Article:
November 27, 2019

A cohort study

NSA an independent risk factor for ICU and hospital mortality

 

ICUs face frequent resource strains, in which admissions of two or more patients are expected in a very short period of time, the so-called Near-Simultaneous Admissions (NSA). Under these circumstances, caregivers have to perform a great number of tasks, almost simultaneously, leading to increased clinical, technical and communication demands. Although other studies have already examined the impact of high-strain leading to an increase in errors/complications and other negative patient outcomes, literature about the effects of NSA remains sparse.

Dr Kashiouris and his team (2019) conducted a retrospective, single-centre, cohort study on a tertiary academic medical ICU of 24 beds. They analysed the time of admission and outcomes for five years of 13,234 consecutive admitted patients. They also determined an Elapsed Time since the Last ICU Admission (ETLA) fracture point to evaluate the mismatch between the demand of ICU admission and the ability to “accommodate patients in greater numbers and rising acuity”.

A quarter of the cohort had an ETLA of less than 55 minutes. The research team considered that beyond this time, clinically relevant delays might negatively impact patient outcomes. The results showed that NSA was an independent risk factor for mortality and adverse patient outcomes: the shorter the interval between two admissions, the higher the risk of ICU death [1.16 – 95% CI, 1.04-1.44, p=0.01), independent of the overnight admission status and the admission source (p=0.37). Moreover, they found a dose-effect, as for surviving NSA patients, the longer the time between the last admission within the 55-min NSA timeframe, the higher the chances of a home discharge.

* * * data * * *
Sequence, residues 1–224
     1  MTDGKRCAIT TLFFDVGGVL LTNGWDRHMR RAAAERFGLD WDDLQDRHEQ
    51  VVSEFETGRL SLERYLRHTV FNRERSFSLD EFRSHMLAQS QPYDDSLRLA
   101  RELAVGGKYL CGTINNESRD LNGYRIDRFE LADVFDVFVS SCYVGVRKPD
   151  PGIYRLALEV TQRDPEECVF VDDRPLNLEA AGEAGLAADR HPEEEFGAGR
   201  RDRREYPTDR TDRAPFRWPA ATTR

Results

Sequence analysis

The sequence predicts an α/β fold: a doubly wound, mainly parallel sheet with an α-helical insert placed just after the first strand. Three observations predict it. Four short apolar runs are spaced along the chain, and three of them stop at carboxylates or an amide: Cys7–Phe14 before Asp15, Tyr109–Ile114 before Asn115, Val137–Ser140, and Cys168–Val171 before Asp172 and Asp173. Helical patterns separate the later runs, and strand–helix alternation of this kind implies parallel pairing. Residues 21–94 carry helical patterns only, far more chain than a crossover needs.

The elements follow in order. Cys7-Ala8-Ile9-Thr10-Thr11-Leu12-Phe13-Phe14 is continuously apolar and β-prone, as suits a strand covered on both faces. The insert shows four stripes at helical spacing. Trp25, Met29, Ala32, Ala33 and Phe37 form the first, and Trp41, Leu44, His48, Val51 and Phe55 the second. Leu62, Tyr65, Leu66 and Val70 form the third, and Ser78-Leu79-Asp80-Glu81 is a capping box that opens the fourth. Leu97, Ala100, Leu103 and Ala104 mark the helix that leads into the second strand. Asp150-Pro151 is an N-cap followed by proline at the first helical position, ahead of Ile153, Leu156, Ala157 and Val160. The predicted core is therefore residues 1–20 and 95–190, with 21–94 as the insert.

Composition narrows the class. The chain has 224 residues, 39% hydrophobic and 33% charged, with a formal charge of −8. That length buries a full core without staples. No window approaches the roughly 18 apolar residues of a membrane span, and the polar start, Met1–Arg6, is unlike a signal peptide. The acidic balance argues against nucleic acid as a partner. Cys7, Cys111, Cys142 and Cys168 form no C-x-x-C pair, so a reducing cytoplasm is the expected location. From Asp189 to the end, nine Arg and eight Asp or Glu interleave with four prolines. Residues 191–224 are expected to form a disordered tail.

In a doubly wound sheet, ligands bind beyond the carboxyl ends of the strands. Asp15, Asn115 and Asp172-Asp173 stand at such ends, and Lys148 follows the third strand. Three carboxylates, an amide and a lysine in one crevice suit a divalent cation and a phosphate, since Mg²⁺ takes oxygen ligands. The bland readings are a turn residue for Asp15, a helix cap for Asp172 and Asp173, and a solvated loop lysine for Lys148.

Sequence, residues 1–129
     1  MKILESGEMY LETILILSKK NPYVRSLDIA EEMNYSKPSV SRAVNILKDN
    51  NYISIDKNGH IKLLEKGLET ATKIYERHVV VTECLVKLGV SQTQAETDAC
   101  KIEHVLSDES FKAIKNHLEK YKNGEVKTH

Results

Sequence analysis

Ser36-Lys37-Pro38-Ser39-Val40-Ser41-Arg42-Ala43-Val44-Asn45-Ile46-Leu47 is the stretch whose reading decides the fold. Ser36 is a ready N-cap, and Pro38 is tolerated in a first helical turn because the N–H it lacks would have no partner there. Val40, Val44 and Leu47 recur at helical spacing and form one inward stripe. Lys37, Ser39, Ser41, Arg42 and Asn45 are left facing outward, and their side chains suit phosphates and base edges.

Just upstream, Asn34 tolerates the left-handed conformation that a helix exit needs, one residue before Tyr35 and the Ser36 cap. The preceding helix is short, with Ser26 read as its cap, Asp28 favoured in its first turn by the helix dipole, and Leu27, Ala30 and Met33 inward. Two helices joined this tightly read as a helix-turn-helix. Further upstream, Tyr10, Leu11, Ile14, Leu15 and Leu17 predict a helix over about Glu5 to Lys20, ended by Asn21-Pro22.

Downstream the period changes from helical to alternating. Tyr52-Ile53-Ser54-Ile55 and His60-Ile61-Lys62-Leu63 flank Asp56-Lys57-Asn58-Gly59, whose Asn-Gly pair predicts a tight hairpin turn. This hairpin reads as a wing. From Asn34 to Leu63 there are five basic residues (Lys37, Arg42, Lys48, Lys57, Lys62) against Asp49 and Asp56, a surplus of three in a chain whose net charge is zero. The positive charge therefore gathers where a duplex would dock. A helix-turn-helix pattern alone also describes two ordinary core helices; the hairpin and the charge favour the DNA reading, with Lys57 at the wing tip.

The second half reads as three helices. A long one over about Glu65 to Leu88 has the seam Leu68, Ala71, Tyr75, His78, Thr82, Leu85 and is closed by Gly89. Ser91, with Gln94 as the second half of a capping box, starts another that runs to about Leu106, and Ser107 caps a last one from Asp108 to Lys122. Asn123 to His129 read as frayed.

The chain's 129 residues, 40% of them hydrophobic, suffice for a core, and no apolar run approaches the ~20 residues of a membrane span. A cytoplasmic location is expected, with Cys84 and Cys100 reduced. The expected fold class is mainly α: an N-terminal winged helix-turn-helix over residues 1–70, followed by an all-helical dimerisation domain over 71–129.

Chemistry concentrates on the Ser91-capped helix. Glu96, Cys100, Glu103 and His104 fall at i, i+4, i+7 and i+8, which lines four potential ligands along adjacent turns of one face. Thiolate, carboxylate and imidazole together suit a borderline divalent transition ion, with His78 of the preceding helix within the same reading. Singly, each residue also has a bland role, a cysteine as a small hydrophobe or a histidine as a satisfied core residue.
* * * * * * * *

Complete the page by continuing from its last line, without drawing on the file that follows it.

STUDY STRENGTHS & LIMITATIONS

This study highlights that NSA are an independent risk factor for ICU and hospital mortality. The authors stress the importance of analysing structural elements – for example, night-time shift admissions on each unit – in order for ICUs to adapt to an increasing number of patients with rising acuity.

The main limitations concern the retrospective, observational methodology, and the single-centre nature of the study, which impact the level of evidence and limit its external validity.

 

TAKE HOME MESSAGE

Near-Simultaneous Admissions often occur in the ICU and are directly associated with adverse patient outcomes.  These situations increase the strain and time-pressure on teams, and new, specific paths of team management should be explored to improve patient outcomes.

 

This article review was prepared and submitted by Silvia Calvino Günther, on behalf of the N&AHP section.

 

#ERJC#ICU#N&AHP


REFERENCES

1) Markos G. Kashiouris, Curtis N. Sessler, Rehan Qayyum, Venu Velagapudi, Christos Stefanou, Rahul Kashyap, Niall Crowley, Craig Daniels and Kianoush Kashani. Near-simultaneous intensive care unit (ICU) admissions and all-cause mortality: a cohort study. Intensive Care Med (2019) 45: 1559-1569.

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